Four years ago <1988>, my brother and I decided to spend the first part of our spring break with my grandparents in Daingerfield, Texas. It was the first time we had been able to stay with them in almost a year because my grandfather had been forced to have his right leg amputated ten months earlier and, being a diabetic, he had been slow to heal. Having just gotten my Mustang, I was the one driving that weekend. That gave me the option of leaving whenever I wanted. Tuesday morning, I decided to return to Gilmer so I could visit my girlfriend before having to go into work that night. Since my grandfather had a doctor's appointment the following morning and would be gone most of the day, I did not make plans to return to Daingerfield until that Wednesday afternoon. On my way home that day, I realized that in my haste to get on the road in my brand new car, I had neglected to pause long enough to tell my grandfather, "I love you." That was something I always did. The thought of having forgotten upset me considerably. Later, it was really to upset me.

The following morning, after I had returned home from working an all-nighter at the skating rink, I was awakened by a telephone call from my mother. "Andy, I want you and Tony to go to Pittsburg and stay with your Grandmother Ruby for the day," she told me in a very solemn tone. She did not mention why, only that she would be gone all day and did not want us staying at the house alone. I thought this was peculiar because Mom was supposed to be home in her office writing on her latest novel that day, but she had left the house while my brother and I were still asleep. It was several hours after I arrived at my other grandmother's that I was finally told, "Your grandfather passed away early this morning while he was in Longview at the doctor's office." This really hit me hard because my grandfather was my hero, my inspiration, and my favorite and most trusted friend.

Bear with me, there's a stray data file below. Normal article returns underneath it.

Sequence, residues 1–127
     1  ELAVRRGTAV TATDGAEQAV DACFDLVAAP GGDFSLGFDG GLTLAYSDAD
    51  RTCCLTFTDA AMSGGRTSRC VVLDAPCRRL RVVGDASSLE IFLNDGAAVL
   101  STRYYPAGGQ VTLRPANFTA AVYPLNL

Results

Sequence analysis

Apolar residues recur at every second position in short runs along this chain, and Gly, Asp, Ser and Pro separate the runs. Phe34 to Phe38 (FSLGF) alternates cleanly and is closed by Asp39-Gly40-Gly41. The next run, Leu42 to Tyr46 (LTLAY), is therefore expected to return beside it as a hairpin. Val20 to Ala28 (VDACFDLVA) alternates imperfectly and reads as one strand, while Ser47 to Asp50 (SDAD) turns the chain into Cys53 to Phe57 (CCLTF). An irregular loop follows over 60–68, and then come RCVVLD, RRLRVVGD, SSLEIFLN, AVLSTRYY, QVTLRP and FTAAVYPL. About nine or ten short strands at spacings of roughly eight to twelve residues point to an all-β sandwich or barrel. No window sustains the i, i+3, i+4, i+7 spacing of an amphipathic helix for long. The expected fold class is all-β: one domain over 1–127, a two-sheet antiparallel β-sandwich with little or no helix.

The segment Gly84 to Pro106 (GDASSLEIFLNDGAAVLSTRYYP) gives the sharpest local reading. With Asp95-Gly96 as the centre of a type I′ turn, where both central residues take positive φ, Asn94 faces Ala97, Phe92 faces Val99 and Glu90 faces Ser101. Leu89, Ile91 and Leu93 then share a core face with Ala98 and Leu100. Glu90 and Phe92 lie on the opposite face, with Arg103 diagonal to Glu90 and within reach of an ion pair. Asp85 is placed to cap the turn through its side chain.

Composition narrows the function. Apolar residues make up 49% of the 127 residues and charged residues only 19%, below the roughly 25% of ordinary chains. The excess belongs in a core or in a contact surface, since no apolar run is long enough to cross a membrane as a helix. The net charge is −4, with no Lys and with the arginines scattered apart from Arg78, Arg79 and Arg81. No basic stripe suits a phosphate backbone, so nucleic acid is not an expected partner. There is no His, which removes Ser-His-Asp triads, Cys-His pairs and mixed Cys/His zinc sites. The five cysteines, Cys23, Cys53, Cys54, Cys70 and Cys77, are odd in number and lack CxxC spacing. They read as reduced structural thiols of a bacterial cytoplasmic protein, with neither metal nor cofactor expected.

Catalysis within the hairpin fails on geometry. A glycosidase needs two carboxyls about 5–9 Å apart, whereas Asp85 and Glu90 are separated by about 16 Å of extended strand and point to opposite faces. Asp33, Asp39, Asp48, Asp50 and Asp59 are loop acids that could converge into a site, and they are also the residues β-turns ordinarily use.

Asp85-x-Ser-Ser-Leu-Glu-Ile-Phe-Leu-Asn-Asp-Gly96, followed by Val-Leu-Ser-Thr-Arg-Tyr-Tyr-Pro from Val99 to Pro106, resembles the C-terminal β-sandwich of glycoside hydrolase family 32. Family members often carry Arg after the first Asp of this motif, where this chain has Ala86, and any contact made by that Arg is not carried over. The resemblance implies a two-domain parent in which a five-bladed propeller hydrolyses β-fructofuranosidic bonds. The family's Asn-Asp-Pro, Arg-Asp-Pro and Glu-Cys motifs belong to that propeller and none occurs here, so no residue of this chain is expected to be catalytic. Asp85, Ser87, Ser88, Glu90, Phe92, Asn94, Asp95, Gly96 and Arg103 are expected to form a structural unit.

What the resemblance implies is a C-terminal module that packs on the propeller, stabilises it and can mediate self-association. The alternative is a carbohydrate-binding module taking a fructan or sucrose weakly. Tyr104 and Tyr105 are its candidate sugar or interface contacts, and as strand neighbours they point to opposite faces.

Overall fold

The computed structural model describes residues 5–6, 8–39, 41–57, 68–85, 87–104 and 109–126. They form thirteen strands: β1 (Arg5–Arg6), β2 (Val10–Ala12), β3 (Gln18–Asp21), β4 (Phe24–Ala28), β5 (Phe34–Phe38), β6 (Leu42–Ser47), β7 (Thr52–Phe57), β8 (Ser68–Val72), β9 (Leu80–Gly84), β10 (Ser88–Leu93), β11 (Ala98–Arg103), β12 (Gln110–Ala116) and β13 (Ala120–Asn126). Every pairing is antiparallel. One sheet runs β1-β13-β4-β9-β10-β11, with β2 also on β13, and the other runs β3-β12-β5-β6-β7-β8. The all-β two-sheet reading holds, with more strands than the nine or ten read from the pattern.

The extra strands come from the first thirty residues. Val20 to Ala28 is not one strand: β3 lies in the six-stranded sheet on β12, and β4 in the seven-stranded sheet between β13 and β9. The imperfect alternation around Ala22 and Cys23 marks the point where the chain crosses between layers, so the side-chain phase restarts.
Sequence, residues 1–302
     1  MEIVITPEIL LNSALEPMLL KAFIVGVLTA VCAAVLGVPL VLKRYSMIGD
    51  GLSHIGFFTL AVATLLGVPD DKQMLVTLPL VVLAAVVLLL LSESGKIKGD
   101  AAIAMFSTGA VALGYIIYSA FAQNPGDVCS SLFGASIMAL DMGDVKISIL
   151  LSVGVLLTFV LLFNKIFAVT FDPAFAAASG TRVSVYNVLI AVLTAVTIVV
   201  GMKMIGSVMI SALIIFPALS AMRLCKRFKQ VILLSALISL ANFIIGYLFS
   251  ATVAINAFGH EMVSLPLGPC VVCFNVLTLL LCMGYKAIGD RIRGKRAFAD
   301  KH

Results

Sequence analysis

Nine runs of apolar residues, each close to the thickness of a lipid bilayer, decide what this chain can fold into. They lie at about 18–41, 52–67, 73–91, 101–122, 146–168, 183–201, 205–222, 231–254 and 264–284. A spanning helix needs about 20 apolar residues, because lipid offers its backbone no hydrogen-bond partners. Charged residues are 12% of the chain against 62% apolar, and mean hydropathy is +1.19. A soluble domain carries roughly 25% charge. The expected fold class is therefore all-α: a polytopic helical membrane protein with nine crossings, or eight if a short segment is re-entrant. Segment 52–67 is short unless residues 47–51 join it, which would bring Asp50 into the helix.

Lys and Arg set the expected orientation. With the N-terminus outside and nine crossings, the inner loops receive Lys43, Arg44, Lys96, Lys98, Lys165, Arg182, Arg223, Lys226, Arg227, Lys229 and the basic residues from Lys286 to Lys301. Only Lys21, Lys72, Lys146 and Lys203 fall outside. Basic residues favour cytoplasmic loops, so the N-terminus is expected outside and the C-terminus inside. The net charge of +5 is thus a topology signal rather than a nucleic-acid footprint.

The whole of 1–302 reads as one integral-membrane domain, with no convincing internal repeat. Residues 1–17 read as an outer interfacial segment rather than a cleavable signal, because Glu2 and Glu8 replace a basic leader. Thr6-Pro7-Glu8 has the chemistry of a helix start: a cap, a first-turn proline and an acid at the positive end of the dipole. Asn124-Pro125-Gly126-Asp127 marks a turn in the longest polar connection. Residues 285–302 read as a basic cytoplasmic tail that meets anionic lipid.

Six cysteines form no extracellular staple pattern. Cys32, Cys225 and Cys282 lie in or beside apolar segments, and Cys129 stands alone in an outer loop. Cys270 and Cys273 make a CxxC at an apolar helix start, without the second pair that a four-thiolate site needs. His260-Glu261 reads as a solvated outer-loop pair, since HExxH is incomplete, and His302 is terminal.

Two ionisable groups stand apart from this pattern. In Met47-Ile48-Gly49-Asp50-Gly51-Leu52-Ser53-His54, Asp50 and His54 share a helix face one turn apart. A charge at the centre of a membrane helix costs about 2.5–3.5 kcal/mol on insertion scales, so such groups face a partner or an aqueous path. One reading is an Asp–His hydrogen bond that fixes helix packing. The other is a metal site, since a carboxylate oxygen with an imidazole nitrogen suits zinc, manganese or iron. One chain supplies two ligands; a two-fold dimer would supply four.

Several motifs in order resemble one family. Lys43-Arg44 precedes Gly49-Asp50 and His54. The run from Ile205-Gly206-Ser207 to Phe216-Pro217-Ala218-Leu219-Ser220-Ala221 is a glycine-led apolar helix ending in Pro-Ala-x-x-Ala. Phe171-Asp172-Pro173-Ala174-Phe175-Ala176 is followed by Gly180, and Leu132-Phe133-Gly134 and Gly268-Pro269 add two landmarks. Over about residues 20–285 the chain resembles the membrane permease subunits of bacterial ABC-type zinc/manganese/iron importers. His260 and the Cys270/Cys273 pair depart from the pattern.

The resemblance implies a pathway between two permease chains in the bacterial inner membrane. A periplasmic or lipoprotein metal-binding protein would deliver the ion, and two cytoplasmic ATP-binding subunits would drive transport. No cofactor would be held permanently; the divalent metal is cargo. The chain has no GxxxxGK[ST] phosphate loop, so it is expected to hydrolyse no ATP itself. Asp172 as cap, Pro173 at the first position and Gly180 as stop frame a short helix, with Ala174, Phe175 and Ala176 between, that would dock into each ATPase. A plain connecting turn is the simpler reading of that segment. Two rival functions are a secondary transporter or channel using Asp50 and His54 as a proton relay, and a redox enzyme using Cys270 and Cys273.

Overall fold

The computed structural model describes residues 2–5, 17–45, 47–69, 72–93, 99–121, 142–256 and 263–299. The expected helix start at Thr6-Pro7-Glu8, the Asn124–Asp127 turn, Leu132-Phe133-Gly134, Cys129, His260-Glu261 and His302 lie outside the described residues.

A week later, while I was still trying to sort through my many feelings, I heard the new song by Mike and the Mechanics. The song expressed exactly what I felt. I was hurting because I had not told my grandfather how I felt toward him that last time I saw him. I had not told him how very much I love him. I realize he knew that I loved him and I remember having told him so many times in the not so distant past; but that very last time I was ever to see him, I had forgotten to tell him.

Every time I hear that song, I relive that painful day and try to understand why it is I forgot to express my love to him that one last time. I have since visited his grave many times, hoping that somehow I can be near enough to him, he can hear my apologies and hear me tell him how very much I did love him. I just wish I would have told him in his living years.

Written: April 1, 1992

Return To Rosalyn's Biography Return to Roz's Biography

back to top of page

to the home page

to the Rutledge Photo Album (on a different web site so use the back button to return here)


This page designed by
RA Designs

RA Designs owned by Rosalyn Alsobrook
(e-mail for
free estimate)